Stiftung is managed and controlled by a board consisting of at least three members, two of whom are required to be residents of Austria. The founder and beneficiaries are not entitled to be members of the board, whose members have the right to delegate their authority to third parties, regardless of their place of residence. The founder may limit rights of members of the board and has a right of veto on any decisions. The board meets once a year to approve an annual report, which is not available for public in Austria.
Zweigniederlassungen (branch of a foreign company) is an economically and geographically separate division of a foreign legal entity in Austria.
A branch is not a legal entity independent of the parent company, but its activities must be organized in such a way as to ensure further financial and administratively independent “existence” in Austria. A branch is endowed with a property of the parent company and acts on the basis of provisions approved by the parent company which also decides on the appointment of a head of the branch, who in turn works based on a power of attorney issued by the parent company.
The Austrian branch' name must match the name of the parent company.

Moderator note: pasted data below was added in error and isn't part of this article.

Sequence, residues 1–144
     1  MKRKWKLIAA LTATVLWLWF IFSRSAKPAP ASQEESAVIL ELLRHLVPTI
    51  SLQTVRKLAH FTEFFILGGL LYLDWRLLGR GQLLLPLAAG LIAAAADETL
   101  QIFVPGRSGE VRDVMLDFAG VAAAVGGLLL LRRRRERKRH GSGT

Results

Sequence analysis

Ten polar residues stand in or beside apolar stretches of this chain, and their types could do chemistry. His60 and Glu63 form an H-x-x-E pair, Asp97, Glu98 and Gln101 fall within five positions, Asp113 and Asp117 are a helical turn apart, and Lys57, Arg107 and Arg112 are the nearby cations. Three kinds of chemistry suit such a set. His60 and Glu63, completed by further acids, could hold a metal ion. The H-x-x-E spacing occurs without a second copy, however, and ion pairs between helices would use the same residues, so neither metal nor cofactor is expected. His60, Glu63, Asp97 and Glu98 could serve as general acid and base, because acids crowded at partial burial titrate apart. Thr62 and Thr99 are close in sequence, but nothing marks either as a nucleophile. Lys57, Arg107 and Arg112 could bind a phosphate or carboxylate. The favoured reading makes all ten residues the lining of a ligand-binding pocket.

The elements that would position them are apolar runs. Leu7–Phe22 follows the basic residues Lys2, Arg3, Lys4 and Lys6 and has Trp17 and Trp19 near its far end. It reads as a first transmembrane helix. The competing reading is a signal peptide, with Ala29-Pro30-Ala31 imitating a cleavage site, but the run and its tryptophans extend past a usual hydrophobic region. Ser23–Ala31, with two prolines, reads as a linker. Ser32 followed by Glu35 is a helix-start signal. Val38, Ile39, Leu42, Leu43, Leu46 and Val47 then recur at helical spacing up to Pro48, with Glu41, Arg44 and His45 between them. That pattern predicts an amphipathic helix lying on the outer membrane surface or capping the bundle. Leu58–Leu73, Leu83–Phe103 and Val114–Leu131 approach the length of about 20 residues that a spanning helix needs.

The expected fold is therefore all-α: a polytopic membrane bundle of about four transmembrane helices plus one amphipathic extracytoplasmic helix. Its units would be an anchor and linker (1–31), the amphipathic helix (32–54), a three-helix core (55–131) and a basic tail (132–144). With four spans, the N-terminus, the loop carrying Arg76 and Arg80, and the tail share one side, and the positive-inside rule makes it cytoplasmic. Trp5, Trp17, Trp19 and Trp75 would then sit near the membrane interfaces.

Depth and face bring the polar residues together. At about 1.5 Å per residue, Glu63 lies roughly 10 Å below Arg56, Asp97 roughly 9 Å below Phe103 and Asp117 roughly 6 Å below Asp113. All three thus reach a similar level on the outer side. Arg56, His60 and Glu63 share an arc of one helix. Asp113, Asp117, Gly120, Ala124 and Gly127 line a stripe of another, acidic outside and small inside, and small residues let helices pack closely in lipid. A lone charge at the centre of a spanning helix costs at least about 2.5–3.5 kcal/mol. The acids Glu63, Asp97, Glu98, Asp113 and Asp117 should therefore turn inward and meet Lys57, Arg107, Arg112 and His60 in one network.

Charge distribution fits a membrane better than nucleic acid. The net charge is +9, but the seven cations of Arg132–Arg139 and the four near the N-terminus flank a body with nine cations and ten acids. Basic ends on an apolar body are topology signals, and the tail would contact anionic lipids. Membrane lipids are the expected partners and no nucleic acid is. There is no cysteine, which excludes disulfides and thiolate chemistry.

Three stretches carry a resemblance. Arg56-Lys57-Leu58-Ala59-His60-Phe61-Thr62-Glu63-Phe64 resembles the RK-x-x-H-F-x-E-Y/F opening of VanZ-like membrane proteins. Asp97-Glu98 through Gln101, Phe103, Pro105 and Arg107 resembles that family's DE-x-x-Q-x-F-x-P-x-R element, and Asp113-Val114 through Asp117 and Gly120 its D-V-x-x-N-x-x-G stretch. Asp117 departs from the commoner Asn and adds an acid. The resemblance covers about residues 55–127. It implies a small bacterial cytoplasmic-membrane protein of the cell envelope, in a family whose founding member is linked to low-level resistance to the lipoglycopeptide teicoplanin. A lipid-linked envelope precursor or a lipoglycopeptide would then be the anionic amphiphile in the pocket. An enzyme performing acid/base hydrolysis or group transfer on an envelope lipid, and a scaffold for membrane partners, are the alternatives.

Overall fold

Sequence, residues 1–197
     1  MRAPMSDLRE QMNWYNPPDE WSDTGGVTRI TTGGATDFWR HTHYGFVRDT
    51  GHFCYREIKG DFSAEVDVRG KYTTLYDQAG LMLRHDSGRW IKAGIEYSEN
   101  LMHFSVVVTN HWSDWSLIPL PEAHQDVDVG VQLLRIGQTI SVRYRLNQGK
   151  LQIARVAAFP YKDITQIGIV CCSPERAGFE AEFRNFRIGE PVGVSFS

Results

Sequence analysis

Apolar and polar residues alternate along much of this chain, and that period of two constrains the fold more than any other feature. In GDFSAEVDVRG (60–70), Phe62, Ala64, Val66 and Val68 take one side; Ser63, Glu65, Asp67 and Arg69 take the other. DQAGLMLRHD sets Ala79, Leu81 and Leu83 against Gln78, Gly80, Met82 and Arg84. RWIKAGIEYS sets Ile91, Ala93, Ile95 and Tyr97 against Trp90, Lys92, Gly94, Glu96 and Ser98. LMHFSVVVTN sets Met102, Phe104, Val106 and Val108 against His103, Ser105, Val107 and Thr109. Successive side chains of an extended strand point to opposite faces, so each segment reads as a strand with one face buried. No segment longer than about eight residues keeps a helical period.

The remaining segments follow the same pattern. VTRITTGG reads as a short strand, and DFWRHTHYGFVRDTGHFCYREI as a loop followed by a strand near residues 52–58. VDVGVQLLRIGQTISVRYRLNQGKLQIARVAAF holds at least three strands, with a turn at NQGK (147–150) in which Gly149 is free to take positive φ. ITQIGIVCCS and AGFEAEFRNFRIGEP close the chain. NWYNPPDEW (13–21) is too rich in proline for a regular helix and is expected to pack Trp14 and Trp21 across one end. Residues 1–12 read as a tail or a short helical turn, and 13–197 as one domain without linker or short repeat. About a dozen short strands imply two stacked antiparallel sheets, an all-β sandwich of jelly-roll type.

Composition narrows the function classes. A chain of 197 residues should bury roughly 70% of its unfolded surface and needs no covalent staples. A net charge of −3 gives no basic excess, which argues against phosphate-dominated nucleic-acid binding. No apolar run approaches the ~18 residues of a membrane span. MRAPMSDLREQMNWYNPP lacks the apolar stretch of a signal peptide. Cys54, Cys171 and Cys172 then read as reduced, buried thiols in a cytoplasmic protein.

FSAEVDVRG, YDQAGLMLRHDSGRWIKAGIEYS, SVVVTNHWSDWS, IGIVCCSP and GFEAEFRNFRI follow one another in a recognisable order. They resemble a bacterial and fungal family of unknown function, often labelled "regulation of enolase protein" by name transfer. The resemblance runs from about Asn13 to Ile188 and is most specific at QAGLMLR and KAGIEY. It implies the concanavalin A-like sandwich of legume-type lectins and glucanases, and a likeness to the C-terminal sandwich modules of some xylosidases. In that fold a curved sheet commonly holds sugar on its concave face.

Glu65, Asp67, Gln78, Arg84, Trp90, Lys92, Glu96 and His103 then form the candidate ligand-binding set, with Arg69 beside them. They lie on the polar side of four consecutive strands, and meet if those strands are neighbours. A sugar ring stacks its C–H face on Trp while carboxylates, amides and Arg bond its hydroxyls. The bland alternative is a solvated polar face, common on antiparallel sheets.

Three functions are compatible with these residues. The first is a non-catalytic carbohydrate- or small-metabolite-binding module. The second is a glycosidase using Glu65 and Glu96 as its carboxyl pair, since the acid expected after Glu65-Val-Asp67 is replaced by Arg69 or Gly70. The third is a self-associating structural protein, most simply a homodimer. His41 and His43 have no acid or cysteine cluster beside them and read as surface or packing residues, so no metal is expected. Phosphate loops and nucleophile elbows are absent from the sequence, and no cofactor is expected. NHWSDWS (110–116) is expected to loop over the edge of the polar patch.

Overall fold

A branch, like any other Austrian company or partnership, is required to obtain a license to conduct business activities in Austria.
Membership in the Chamber of Commerce of Austria is mandatory for all enterprises registered or incorporated in Austrian.
Austria is not a tax heaven or offshore jurisdiction, and a concept of Austria tax exempt company (and/or Austria offshore company, International Business Company, trust, foundation etc. registration) does not exist in Austria as such. A company formation in Austria could be arranged with a professional registered agent providing incorporation, virtual office and other corporate services in Austria. To set up a company in Austria is possible by correspondence, but to open a bank account in Austria will, most probably, require a personal visit.
Albania, Algeria, Argentina, Armenia, Australia, Azerbaijan, Bahrain, Barbados, Belarus, Belgium, Belize, Bosnia and Herzegovina, Brazil, Bulgaria, Canada, Chile, China, Croatia, Cuba, Cyprus, Denmark, Egypt, Estonia, Finland, France, Georgia, Germany, Greece, Hong Kong, Hungary, India, Indonesia, Iran, Ireland, Israel, Italy, Japan, Kazakhstan, Korea, Kosovo, Kuwait, Kyrgyzstan, Latvia, Lithuania, Luxembourg, Libya, Macedonia, Malaysia, Malta, Mexico, Moldova, Mongolia, Montenegro, Morocco, Nepal, Netherlands, New Zealand, Norway, Pakistan, Philippines, Poland, Portugal, Qatar, Romania, Russia, San Marino, Saudi Arabia, Serbia, Singapore, Slovakia, Slovenia, South Africa, Spain, Sweden, Switzerland, Syria, Taiwan, Tajikistan, Thailand, Tunisia, Turkey, Turkmenistan, Ukraine, United Arab Emirates, United Kingdom, USA, Uzbekistan, Venezuela, Vietnam.
Andorra, Gibraltar, Guernsey, Jersey, Mauritius, Monaco, St. Vincent & the Grenadines.